The mentor spoke of a time of rest, a season in which God is allowing him to transition from ministry as an occupation to ministry as a passion and an overflow of what God is doing within him. God has made it clear to him that as he ages, this short respite is meant for preparation, not to get a taste of retirement.
"I feel like we're coming up on the fourth quarter, guys," he said. "For now, I'm gonna chill out, watch some commercials, visit the concession stand and listen to the cheerleaders. But as soon as I get the game plan, I'm gonna hit it hard until the final buzzer sounds."
When I heard that, I first thought of how odd his philosophy must sound to the rest of the world. The mentor has no pension and no idea what life will bring him next, but he's reached the happiest point of his life, where all things are starting to make sense, and the farthest thing from his mind is lazing his days away in a beach house on the island of insignificance.
Then I remembered this quotation from John Piper's "Don't Waste Your Life":
I will tell you what a tragedy is. I will show you how to wasteThank God that he has given me mentors that, like my baseball coach used to say, are "mentally tough, physically tough, and respond when the game's on the line."
your life. Consider a story...which tells about a couple who “took early retirement from their jobs in the Northeast five years ago when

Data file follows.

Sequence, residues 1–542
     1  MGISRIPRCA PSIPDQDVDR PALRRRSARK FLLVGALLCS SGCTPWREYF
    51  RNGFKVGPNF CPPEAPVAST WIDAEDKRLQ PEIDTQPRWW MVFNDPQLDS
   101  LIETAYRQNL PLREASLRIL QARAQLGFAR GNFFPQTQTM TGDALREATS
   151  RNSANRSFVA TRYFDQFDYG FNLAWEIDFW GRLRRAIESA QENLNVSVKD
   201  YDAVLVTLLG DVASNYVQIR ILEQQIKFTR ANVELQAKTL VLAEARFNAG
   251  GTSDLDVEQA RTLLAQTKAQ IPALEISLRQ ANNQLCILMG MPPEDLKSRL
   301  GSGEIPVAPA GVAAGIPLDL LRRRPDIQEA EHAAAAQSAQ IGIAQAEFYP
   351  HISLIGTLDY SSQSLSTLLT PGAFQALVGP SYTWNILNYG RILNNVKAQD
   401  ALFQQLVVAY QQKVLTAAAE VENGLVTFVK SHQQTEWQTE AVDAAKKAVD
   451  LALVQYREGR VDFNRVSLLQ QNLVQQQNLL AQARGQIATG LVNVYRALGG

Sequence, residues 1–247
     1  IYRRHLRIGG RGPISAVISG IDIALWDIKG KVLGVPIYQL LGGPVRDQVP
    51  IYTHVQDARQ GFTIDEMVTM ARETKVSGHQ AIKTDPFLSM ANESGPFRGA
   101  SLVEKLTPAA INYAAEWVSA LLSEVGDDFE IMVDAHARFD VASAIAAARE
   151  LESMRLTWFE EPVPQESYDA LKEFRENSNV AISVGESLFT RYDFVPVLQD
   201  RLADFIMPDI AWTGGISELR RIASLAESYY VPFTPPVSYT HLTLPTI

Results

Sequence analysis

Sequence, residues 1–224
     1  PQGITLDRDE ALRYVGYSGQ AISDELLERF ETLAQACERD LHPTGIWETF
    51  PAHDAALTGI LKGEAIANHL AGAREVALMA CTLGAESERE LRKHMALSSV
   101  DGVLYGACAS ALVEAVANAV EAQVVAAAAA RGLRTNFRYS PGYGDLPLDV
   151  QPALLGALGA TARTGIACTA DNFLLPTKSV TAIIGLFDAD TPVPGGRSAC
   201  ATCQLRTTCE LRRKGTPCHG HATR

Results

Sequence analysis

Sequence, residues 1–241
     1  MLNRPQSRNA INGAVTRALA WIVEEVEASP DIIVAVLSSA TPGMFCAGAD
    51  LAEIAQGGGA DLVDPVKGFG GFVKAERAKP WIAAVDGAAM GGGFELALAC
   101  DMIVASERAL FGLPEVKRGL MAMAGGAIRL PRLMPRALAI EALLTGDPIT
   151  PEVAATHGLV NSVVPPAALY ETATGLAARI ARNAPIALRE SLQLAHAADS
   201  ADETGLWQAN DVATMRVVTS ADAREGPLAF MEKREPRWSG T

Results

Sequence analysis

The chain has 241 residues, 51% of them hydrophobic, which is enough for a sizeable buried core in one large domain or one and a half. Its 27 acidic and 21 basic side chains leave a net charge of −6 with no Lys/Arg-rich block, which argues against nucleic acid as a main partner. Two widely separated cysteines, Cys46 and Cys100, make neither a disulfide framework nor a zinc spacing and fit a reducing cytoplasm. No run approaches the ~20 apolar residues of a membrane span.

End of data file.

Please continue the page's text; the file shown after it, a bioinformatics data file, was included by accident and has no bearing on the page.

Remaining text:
he was 59 and she was 51. Now they live in Punta Gorda,
Florida, where they cruise on their 30 foot trawler, play softball
and collect shells.” At first, when I read it I thought it might be
a joke. A spoof on the American Dream. But it wasn’t. Tragically,
this was the dream: Come to the end of your life—your one and
only precious, God-given life—and let the last great work of your
life, before you give an account to your Creator, be this: playing
softball and collecting shells. Picture them before Christ at the
great day of judgment: “Look, Lord. See my shells.” That is a
tragedy. And people today are spending billions of dollars to persuade
you to embrace that tragic dream. Over against that, I put
my protest: Don’t buy it. Don’t waste your life.